Saddle soap suits everything from your leather shoes to your favorite furniture. Before you begin, clean the leather to remove debris. Get a soft cloth and work a small amount of the saddle soap in a circular motion – think of waxing a car. Remove the excess soap with a clean cloth, and allow the leather to dry for at least several hours.
How to Wash Leather Sofa Cushions
Castile soap comes from the Castile region of Spain; it’s a famously versatile and eco-friendly soap. Learn how to wash leather couch cushions quickly and easily with this gentle Castile soap spray recipe.
Pure Castile soap does not contain artificial foaming agents or harsh cleaners because it comes from vegetable oil in plants like coconut, sunflower seed, hemp, jojoba, and olive. Castile soap is unscented, biodegradable, not tested on animals, and even vegan.
Washing leather couch cushions is simple. Fill a spray bottle with warm water and a tablespoon of Castile soap. Spray a clean cloth with your soap solution, remove the couch cushions, and wipe the grime and oil away for good.
Professional Leather Cleaner Products
A chemical leather cleaner is an excellent option for stubborn stains on a favorite leather sofa. Specially formulated leather cleaning sprays remove gum from leather and other sticky stains while keeping it hydrated. They also improve durability and water resistance and are pH balanced.
Use a professional product to destroy stains or safely scrub a leather couch with cracks; we all know how tough they can be. These products are usually available as a spray, and you should always follow the directions for optimal results. Check your manufacturer’s instructions to see what kind of leather you have to ensure you care for it properly.
How to Make Homemade Leather Cleaner
Many people are surprised to hear they aren’t supposed to use common household cleaners on leather furniture. Household cleaning products contain chemicals like alcohol and bleach that destroy the leather’s natural finish, leaving a crumbling, flaky mess.
If you prefer to make a homemade leather cleaner from a few simple pantry ingredients, this section is for you. Our recipe requires two hydrating conditioners and a few drops of orange essential oil to help break down the dirt and scum clinging to leather couches.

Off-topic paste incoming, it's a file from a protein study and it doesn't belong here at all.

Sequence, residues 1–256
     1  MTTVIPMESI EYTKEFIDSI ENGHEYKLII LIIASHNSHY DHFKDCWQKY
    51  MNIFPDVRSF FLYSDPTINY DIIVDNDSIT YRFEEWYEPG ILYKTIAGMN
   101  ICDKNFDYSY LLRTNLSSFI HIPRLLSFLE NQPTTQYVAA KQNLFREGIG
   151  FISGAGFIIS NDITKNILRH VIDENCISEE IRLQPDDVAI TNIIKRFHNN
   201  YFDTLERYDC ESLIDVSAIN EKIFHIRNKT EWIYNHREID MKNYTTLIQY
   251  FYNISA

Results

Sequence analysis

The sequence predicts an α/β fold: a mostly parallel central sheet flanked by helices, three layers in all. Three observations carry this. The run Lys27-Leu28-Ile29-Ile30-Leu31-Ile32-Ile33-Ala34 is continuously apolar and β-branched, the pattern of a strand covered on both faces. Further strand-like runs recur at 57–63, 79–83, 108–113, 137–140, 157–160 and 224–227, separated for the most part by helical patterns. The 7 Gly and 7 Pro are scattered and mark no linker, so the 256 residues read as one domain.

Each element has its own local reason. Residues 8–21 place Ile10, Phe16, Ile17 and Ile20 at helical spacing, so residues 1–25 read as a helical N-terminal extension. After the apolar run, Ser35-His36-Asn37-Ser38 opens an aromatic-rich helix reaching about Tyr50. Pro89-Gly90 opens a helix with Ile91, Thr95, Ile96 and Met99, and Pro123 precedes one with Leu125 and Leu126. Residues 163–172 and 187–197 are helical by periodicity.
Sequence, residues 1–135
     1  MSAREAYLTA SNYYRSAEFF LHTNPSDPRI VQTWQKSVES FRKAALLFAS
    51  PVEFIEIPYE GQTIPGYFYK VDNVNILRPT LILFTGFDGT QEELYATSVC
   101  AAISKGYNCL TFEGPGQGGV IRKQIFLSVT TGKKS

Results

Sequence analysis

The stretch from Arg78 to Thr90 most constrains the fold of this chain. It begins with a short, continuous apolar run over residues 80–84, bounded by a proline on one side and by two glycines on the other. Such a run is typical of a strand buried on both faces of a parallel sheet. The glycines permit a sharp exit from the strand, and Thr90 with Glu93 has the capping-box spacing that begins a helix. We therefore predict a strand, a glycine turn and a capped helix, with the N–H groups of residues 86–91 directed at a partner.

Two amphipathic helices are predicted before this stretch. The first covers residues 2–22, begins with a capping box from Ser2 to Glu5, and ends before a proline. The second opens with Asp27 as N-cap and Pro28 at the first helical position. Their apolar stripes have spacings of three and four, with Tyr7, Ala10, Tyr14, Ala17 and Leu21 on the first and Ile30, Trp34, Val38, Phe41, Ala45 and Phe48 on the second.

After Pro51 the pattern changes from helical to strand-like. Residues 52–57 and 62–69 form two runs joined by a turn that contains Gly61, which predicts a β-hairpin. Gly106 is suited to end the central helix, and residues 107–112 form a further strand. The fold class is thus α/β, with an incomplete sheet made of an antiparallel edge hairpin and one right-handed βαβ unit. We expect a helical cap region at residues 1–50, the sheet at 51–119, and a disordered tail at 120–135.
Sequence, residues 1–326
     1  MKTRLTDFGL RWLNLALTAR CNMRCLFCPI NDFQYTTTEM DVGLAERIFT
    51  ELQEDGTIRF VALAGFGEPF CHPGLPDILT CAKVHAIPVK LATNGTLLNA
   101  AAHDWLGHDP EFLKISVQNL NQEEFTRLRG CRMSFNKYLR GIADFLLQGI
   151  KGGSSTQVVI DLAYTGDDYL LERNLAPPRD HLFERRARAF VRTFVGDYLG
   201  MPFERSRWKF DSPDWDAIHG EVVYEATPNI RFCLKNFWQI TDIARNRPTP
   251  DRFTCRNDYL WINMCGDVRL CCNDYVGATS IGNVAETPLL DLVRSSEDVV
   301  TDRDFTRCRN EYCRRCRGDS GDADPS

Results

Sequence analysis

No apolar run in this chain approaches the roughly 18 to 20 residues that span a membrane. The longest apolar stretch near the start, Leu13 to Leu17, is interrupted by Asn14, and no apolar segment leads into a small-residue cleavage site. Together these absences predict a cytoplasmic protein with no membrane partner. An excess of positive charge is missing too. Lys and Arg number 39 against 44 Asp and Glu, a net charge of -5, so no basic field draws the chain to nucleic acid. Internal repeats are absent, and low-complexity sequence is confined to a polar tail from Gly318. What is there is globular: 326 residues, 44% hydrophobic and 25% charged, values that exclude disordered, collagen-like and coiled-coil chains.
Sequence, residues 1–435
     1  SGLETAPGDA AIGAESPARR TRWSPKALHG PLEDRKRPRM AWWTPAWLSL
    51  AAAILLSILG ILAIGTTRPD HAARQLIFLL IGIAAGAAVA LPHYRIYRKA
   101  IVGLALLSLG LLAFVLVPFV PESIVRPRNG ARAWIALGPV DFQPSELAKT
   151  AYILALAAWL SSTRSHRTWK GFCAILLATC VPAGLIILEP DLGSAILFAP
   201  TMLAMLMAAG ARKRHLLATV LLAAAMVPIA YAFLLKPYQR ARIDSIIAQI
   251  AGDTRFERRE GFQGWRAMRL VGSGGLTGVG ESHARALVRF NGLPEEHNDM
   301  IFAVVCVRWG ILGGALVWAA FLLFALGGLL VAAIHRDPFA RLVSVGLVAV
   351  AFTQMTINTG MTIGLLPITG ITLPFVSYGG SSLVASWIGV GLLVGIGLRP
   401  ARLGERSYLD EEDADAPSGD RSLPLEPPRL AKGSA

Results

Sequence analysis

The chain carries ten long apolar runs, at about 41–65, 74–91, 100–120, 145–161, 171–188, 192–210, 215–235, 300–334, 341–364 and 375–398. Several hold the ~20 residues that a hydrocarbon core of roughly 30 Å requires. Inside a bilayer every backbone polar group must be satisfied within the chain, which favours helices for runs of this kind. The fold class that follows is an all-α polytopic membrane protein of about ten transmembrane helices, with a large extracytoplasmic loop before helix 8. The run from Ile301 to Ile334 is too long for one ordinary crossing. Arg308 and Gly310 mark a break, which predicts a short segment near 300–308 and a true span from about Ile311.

Hand washing a soft leather couch is a piece of cake with this humble homemade leather cleaner. Start with a small bowl and combine the coconut, olive, and orange essential oil, whisking them until thoroughly combined.
Dab some oil mix onto a clean cloth and work it into the leather in gentle circular motions. Remove any excess and allow several hours to air dry.
Cleaning White Leather Furniture
White leather sure does look luxurious. However, that elegant appearance comes with a risk. Anything white is notoriously tough to keep clean because life happens – think spills, stains, and oil buildup. However, cleaning a leather couch that is white is usually as simple as scheduling some regular upkeep.
Schedule time monthly to dust your white leather sofa with a microfiber cloth. You’d be surprised how far a thorough dusting goes to keep your white leather looking brand new. After dusting, go over the leather again with a damp cloth and watch the leather shine in the sunlight.
If you have buttons or small design crevices on your couch, get a toothbrush and mild soapy water to do the small detail work. Some leather furniture enthusiasts recommend keeping a Magic Eraser to handle scuffs. This could be helpful, but it’s always best to do a test spot to ensure the eraser doesn’t damage the leather grain.
Removing Paint Stains From Leather Furniture